Alternate current (AC): A type of power whose electric charge changes directions; the type of electricity that powers items plugged into wall outlets

Now, the scientific process:

  1. Photons hit the solar cells of a solar panel, knocking electrons loose from their atoms.
  2. Those electrons of DC electricity flow through the circuit and into an inverter.
  3. The DC electricity is converted to AC electricity.
  4. This electricity is added to the energy grid to power homes and businesses.

Multiple solar panels can be wired together to make a solar array. The more panels you have, the more electricity you’ll generate.

Types of solar power

Solar power can be categorized into three types: utility-scale, commercial, and residential. Let’s take a look at each:

  • Utility-scale solar power plants supply the power grid with large amounts of electricity, typically several megawatts — in line with small- to medium-sized coal- and gas-fired plants. Future solar power plants are expected to generate several hundred megawatts.
  • Commercial solar provides power to businesses that install solar panels on vacant land, rooftops, or parking structures. The solar power generated supplements, and sometimes exceeds, the building’s power consumption. Often, the excess solar energy generated can then be sold back to the local utility.
  • Residential solar comes from rooftop solar systems that generate power for individual homes. Homeowners typically need to supplement their solar power generation with traditional electricity to meet energy needs during the night or on cloudy days. This form of solar power is becoming more and more popular as material costs become less expensive.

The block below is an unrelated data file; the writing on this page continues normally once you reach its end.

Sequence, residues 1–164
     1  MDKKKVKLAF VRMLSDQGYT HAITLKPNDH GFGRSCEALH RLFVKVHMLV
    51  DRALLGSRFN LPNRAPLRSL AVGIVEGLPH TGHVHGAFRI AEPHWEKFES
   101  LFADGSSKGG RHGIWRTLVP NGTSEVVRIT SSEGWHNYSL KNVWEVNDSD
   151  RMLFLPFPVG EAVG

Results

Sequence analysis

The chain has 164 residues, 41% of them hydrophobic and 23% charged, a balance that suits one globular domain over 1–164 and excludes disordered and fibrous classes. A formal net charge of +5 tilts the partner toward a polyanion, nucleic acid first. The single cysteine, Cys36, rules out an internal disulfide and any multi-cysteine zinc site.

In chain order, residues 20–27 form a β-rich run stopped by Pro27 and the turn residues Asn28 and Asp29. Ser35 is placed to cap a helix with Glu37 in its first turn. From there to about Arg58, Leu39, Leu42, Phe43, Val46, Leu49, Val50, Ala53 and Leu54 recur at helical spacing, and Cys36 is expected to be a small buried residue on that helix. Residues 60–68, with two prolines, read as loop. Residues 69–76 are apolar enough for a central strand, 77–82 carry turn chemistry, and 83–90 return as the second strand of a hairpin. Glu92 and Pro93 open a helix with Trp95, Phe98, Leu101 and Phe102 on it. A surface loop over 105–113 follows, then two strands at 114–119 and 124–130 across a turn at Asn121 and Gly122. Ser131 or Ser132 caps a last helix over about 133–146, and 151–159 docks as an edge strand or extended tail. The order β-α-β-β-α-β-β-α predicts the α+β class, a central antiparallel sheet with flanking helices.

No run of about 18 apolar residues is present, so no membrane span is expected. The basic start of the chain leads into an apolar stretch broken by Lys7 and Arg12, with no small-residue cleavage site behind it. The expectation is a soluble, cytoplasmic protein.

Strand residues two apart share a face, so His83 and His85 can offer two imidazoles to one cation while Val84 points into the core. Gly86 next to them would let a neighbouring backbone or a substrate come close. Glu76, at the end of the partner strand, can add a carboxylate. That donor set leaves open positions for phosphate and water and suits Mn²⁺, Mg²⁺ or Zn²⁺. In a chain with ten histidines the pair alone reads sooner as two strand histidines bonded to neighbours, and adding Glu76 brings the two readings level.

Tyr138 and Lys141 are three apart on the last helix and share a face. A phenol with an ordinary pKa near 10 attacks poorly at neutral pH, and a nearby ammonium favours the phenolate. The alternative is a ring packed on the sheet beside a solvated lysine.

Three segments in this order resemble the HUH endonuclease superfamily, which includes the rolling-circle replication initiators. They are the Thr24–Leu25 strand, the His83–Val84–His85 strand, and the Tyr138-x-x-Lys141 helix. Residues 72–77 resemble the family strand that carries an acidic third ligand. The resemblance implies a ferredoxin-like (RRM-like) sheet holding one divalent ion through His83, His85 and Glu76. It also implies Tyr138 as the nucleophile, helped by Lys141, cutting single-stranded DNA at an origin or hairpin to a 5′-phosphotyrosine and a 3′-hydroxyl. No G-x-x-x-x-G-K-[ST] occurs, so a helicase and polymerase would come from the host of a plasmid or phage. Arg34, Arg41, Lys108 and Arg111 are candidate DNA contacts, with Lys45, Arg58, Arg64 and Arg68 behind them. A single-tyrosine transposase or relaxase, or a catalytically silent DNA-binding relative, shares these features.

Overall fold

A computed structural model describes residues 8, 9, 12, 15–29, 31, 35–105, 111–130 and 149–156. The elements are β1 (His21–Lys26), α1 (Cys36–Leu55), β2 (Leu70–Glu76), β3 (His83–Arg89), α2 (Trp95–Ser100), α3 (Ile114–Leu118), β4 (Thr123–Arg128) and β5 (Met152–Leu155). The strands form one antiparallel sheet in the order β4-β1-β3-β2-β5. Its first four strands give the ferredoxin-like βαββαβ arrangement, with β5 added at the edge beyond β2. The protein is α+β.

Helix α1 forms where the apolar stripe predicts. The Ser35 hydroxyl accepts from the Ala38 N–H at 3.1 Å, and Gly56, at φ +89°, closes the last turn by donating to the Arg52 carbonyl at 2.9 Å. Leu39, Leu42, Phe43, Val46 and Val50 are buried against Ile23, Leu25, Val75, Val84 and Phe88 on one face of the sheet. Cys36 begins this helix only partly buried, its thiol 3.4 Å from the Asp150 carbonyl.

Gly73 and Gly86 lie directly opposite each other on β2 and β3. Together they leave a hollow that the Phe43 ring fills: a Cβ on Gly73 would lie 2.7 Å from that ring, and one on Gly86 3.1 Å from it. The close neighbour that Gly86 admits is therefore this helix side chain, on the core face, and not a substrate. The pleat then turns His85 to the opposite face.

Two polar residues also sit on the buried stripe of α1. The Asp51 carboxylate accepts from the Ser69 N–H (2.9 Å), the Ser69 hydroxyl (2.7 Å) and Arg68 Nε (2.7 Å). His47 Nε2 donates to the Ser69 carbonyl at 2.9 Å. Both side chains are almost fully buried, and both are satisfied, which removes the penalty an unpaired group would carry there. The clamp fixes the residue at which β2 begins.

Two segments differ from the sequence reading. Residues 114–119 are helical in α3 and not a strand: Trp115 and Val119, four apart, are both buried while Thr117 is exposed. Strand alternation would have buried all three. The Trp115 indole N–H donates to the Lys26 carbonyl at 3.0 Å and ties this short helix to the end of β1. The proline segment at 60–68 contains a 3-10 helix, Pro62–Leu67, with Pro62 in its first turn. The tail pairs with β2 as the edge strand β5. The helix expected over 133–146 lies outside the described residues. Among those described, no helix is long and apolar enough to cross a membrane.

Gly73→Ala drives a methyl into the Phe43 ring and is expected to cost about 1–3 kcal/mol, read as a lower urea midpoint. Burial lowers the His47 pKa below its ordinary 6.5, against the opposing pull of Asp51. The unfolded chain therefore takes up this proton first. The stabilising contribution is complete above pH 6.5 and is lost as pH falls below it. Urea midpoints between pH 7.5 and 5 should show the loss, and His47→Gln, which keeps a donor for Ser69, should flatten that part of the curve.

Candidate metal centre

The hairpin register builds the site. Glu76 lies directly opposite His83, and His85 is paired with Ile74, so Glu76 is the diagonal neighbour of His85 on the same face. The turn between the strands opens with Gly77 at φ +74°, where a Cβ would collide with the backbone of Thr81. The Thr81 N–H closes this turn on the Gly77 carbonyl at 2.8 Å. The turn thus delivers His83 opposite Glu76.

How much does solar energy cost?

Though the cost differs between commercial solar and residential solar, varies from state to state, and is dependent upon many other factors, there’s good news across the board: the cost of solar continues to decrease as materials become more affordable and customer demand increases.

Also important to remember: the federal solar tax credit (also known as the investment tax credit, or ITC) reduces the cost of a commercial or residential solar energy system by 30 percent, with no value cap. Some states, utilities, and local governments also offer additional rebates and tax incentives for going solar.

Another plus? You don’t even need to install solar panels at your home or business to join the clean energy revolution. Some electricity programs let you power your home or business with up to 100% solar energy. This is accomplished through the purchase and retirement of renewable energy certificates (RECs) representing the environmental attributes associated with U.S. solar generation.

 

What are the benefits of solar energy?

 

The benefits of solar energy are numerous: